Did Tesla (TSLA) change the entire investing world? The more I ponder Lucid or Fisker (FSR) or all the SPACs involving electric vehicles, the more I think about the notion of what I thought was high-risk technology spending, the more I realize that Tesla made everything more magical, or more like alchemy, with either one producing a positive result for the believer.
It's so difficult now to imagine several years ago when very smart people would come on air and point blank just say that Tesla was a bankrupt company, a fraud, one that would eventually be revealed if you just waited long enough.
If you said something positive about Elon Musk you were regarded as someone who had no right to discuss the concept of investing. At every auto milestone -- it's bigger than Ford (F) , it's bigger than General Motors (GM) , It's bigger than GM and Ford, it's bigger than, whatever -- those brave souls like Cathie Wood from ARK (ARKK) and Ron Baron, a frequent Squawk Box contributor, faced criticism from the most rigorous of investing minds.
I don't talk to hedge fund managers if I can ever avoid it, but I know that if I said something good about Musk I could expect a big blowback about what a clown and a fool I was and that I simply couldn't accept the fact that my inability to read a balance sheet well enough made it so I should not be allowed to opine on stocks.
What can I say? Once it was clear that he could make money on cars, even if tax credits made it possible, and, more important, he could raise all the money he wanted to, then the deal was sealed and Tesla was off to the races.
We forget, of course, that during this period, the goal posts were changed. They were made SHORTER, in that Tesla went from being a car company, where the goal posts are far, to a technology company where, periodically, the goal posts are much closer so what looked like a ridiculous market cap was actually a reasonable one versus other tech companies.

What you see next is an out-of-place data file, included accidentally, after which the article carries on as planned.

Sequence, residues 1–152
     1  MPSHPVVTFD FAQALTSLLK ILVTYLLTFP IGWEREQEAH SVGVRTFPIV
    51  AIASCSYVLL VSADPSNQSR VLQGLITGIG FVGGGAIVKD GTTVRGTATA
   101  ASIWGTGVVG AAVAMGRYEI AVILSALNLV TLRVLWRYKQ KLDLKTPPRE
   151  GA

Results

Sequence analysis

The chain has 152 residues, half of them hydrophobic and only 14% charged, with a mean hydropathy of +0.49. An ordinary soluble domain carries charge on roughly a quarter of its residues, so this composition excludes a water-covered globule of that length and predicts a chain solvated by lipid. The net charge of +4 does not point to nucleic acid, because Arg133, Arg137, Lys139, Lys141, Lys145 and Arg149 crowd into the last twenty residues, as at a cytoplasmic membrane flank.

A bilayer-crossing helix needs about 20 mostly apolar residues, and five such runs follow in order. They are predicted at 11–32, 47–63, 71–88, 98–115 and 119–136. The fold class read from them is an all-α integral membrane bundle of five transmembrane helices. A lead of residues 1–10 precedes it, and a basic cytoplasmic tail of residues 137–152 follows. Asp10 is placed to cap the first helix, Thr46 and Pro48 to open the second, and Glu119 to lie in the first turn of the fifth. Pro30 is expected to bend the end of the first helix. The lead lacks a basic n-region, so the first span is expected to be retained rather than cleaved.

After that, whole non-tech companies that could never be worth much at all, became tech companies that were crushing it without any profits. If DoorDash (DASH) is a group of delivery people it's worth very little, but if it is a tech company it's worth $45 billion, probably ten times what you thought. If Airbnb (ABNB) is a hotel company, maybe it's a struggling, profitless innkeeper; if it is a tech company, you have a $120 billion market cap. If Uber (UBER) is a cab company, it's on death's door, but if it is a tech company, it's certainly worth $111 billion. You think that's each company speaking? Or is that Tesla speaking through the prism of one kind of company being considered another, just like Lordstown (RIDE) , just like Lion Electric or EVgo or Blink Charging (BLNK) and ChargePoint Holdings (CHPT) and of course, Lucid and Fisker.
Throughout this period the old-fashioned investors rushed to compare what amounted to be apples to oranges. The newer investors couldn't believe that anyone would see it any other way. Isn't that, for example, how GameStop (GME) could go from a failing video game store to a potentially fast-growing digital retailer of something of which we don't know yet? Of course. Why? Because Chewy (CHWY) is the Tesla of dog food; it's not a seller of canine treats, it's a digitizer of the pet food industry.
I know that one day we might revert to thinking less magically and view all of these companies as what they might have set out to be before the stunning success of Tesla, but right now the newfound prevailing wisdom is clobbering the old kind and those who cling to the latter are destined to be run over by a Lucid or a Fisker or the original, Tesla, itself.